The BYD Dm-i plug-in hybrid. — YouTube/Chinese Car Reviewer
SHANGHAI: Even with disruptions from chip shortages and supply chain failures it’s been a banner year for China’s car market, the world’s largest.
Sales of electric models are on track to more than double 2020’s tally and local automakers have begun prospering overseas, as well as at home.
While it’s the buzzy startups like Nio and Xpeng that command most attention, BYD — the sector veteran that counts Warren Buffett as an investor — is emerging as one of the year’s biggest winners.
Last month, three BYD models were among China’s five best-selling new-energy vehicles, a segment that includes plug-in hybrids.
The company’s battery-electric sales in the third quarter jumped 67%, and outpaced Tesla for the first time since the end of 2019, according to data from the China Automotive Technology and Research Center.
The Shenzhen-based producer signalled Friday it’ll seek to press home its recent advantage, outlining plans to inject US$1.7 billion into its new-energy vehicle unit to improve research and operational capacity.
While the company was one of the pioneers of China’s electric auto sector, and has been producing rechargeable batteries since the mid-1990s, it owes much of its current success to the hybrid segment.
Two of BYD’s best performers are DM — or dual mode — models that offer a plug-in hybrid system similar to those used by GM’s Volt or Honda’s i-MMD technology.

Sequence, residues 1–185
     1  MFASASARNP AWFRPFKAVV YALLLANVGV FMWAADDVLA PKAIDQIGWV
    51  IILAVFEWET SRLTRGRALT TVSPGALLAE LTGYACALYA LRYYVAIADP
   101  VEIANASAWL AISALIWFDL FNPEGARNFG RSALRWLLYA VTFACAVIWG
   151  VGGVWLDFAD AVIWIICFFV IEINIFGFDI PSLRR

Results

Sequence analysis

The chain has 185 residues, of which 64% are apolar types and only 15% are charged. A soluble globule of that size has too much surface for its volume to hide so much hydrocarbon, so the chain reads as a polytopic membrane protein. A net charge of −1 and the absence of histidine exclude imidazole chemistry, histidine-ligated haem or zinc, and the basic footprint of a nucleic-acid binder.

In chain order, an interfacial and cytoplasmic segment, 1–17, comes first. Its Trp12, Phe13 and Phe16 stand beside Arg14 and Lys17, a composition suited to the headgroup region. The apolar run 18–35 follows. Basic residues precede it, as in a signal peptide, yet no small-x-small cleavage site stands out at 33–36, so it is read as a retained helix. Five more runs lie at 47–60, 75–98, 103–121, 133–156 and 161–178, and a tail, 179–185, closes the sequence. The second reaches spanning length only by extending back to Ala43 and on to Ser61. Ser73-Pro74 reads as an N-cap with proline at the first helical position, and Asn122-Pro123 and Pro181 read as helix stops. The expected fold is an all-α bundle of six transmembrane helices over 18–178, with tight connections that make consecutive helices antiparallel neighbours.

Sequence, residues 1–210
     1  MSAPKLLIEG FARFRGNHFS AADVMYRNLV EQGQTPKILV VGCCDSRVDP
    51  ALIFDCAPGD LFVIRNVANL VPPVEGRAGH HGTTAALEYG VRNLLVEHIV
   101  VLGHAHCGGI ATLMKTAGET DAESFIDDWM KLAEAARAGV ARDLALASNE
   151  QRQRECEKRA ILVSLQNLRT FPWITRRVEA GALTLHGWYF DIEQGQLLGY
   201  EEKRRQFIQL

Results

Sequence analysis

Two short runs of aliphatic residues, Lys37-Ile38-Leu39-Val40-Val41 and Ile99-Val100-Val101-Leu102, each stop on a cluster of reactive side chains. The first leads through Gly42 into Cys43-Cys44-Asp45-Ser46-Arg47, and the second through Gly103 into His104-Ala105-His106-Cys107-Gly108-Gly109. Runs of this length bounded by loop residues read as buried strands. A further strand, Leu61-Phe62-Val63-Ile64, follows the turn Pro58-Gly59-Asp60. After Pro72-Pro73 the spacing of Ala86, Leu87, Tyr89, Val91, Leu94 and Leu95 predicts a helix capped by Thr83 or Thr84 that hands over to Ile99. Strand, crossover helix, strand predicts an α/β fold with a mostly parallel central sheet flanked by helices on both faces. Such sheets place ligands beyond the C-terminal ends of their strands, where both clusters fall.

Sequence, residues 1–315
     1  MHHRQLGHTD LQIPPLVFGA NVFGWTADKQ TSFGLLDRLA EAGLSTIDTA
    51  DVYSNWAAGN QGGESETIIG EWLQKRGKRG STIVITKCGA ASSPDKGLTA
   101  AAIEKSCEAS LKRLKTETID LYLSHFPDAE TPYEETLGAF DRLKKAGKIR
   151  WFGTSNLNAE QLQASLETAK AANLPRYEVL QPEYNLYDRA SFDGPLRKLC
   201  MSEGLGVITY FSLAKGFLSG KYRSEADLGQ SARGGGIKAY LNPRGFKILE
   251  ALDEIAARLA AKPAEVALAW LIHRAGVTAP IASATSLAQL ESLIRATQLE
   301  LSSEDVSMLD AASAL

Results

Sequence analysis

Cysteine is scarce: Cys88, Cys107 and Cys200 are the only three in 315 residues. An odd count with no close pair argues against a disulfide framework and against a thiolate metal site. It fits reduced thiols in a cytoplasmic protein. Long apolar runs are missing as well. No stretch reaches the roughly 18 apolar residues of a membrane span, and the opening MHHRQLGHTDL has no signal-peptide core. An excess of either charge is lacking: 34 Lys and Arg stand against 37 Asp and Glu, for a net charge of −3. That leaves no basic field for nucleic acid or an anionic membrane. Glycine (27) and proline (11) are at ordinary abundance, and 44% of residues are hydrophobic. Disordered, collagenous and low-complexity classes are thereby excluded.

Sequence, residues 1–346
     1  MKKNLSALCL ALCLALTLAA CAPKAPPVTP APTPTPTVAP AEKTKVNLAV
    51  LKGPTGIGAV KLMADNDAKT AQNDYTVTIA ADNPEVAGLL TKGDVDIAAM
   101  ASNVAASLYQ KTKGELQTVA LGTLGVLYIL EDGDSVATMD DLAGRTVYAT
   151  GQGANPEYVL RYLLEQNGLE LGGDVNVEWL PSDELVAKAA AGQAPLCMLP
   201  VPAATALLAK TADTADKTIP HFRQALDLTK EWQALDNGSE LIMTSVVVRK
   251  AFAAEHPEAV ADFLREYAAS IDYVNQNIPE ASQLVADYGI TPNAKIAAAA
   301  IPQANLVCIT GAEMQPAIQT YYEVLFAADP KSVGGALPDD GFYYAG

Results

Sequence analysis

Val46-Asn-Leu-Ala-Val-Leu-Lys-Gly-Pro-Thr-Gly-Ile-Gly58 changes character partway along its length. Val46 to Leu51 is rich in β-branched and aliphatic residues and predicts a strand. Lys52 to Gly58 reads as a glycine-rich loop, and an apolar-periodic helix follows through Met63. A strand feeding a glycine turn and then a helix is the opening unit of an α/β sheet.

BYD’s technology has come a long way since the F3 DM days in 2008. Back then, the car jerked abruptly along the roads of Shenzhen, and felt like riding a crazy buffalo.
Three generations of upgrades have smoothed out performance, and the models are now finding favour with consumers for decidedly practical reasons.
They banish range anxiety in a country where finding a plug can be tricky even with the world’s largest network of chargers, and offer value for money with fuel consumption that can be as little as 1.6 litres per 100km.
China’s sales of plug-in hybrid cars jumped 180% in October, a faster expansion than the 148% gain in the new-energy vehicle sector as a whole, according to the China Passenger Car Association.
That’s pushing BYD’s local competitors to take notice, and Chinese automakers including Great Wall, Chery and Geely have all recently announced new hybrid platforms.
There’s renewed interest in hybrids elsewhere, too. Toyota sees the vehicles as a potentially key tool over the next two decades to help curb emissions in developing economies, or in countries still building out their energy and charging infrastructure.
For some consumers, the distinction between fully electric and plug-in hybrid options matters far less than the sticker price and running costs.
As long as companies produce vehicles that “consume less fuel and lower my costs, I don’t care what technologies they adopt,” Jack Ye, who recently bought a Volkswagen Passat plug-in hybrid, said in Shanghai last month.